Emphasize the “Learning” in “Extended Learning Time” – by Betsy Hill

There seem to be a lot of people talking about extending the school day lately.

On the pro side of the argument are those who believe that our students’ ability to compete in a global economy requires more time devoted to academics.  In some cases, the champions of the longer day identify the need as remedial; some students need more time and more instruction, they say.  In other cases, the need identified is enrichment – and extending the day is about restoring time that has been removed from the school day for arts or foreign language or other enrichment activities focused on 21t century skills.

Opponents of an extended school day tend to focus on the increased costs and on the lack of clear direction for what exactly is supposed to be achieved in that extra time.  Some critics of the concept assert that the time in the current school day could be better used.  And often teachers are not supportive of extending the school day, for all the reasons that one might imagine.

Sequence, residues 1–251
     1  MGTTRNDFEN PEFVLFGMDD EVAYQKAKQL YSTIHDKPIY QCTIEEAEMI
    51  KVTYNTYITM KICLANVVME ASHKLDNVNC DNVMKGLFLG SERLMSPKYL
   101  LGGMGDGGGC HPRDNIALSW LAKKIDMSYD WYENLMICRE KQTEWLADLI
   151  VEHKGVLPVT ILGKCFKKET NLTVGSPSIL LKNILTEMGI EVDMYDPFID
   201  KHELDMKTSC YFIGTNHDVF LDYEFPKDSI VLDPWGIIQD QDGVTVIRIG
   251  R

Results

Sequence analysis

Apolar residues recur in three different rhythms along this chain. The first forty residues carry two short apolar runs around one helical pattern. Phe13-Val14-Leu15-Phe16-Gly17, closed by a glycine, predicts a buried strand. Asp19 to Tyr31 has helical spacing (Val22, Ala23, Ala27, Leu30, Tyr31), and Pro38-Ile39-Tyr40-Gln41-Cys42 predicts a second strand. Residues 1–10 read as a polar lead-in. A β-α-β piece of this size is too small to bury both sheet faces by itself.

There can be a variety of reasons for extending the school day, but the critical thing according to most of the schools that have taken the step is to not just to offer more of the same in the extra time. If you combine all those different inputs, what schools need to fill the time of the extended day is something that:

  • Is different that what typically goes on in the school day
  • Serves as enrichment
  • Serves as an intervention, for students whose progress is lagging
  • Will enhance all students’ academic performance
  • Gets students motivated and engaged in learning
  • Does not require a significant amount of additional teacher preparation or lesson planning

It may seem strange, but there actually are such things – perhaps not a lot, but cognitive skills development is one of them.  Programs like BrainWare SAFARI, SkateKids and Ramps To Reading are ideally suited to make “learning” the focus of “Extended Learning Time.”  They will challenge students who need more challenge.  They will help students who are behind to catch up.  They are fundamentally and demonstrably about helping students learn to learn.

If you have questions or thoughts about how cognitive skills development fills the bill for an extended learning time environment, I invite you to comment on this blog or email me directly at bhill@mybrainware.com

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